Honor killings and domestic violence: The same or different?

Carletta Xavier*, Wayne Petherick, Grant Sinnamon

*Corresponding author for this work

Research output: Chapter in Book/Report/Conference proceedingChapterResearchpeer-review

3 Citations (Scopus)


Violence against women is recognized as a social problem, universally. Arguably, the emergence of Western exposure to crimes against women, that are considered "honorable" in other cultures, has captured the public's imagination and become a popular issue among the Western world. The purpose of this examination was to demonstrate whether honor killings are similar to domestic violence, in relation to methods, and underlying factors, with a secondary aim of determining whether honor killings can or should be classified as a type of domestic violence. The results determined that domestic violence and honor-related killings are similar in relation to the most common perpetrator and victim. However, they were recognized to differ in underlying factors such as motive, means, and its social responses. As such, it was concluded that honor killings are deep-seated cultural acts that should remain a distinct concept from domestic violence.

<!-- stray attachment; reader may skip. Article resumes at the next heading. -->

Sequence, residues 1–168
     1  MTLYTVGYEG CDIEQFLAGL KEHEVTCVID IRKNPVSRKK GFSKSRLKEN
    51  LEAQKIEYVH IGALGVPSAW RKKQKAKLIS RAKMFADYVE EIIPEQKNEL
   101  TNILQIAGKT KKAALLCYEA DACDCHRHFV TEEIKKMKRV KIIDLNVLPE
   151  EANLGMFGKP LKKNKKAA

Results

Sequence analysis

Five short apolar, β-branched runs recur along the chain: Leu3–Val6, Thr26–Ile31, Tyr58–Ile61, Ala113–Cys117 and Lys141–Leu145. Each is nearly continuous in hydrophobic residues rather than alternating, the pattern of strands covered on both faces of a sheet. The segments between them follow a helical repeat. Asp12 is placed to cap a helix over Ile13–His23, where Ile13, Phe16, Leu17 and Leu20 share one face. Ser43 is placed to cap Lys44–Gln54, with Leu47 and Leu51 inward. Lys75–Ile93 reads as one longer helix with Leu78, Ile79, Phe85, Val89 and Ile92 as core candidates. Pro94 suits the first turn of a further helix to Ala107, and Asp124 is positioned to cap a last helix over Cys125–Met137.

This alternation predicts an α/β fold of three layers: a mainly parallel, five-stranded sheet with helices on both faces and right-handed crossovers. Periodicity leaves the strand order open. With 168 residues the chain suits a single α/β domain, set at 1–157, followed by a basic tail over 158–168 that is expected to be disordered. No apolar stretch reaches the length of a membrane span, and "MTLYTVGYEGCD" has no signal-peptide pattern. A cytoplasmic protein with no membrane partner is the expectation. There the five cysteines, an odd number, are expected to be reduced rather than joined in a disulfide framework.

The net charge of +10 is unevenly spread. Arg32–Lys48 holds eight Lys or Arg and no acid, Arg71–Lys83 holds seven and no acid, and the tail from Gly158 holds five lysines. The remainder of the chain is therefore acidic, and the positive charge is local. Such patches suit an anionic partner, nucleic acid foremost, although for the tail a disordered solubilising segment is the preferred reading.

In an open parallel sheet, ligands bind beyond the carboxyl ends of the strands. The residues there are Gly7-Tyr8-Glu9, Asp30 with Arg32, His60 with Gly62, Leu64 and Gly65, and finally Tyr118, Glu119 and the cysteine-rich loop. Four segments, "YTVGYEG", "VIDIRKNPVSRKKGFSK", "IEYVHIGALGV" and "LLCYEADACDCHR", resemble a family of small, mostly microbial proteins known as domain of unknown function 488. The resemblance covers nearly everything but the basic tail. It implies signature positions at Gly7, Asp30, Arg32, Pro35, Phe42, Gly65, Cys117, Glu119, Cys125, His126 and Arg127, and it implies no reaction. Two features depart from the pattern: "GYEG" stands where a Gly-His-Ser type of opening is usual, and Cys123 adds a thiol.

Original languageEnglish
Title of host publicationThe psychology of criminal and antisocial behavior
Subtitle of host publicationVictim and offender perspectives
EditorsW Petherick, G Sinnamon
Number of pages23
ISBN (Electronic)9780128095775
ISBN (Print)9780128092873
Publication statusPublished - 4 Jan 2017


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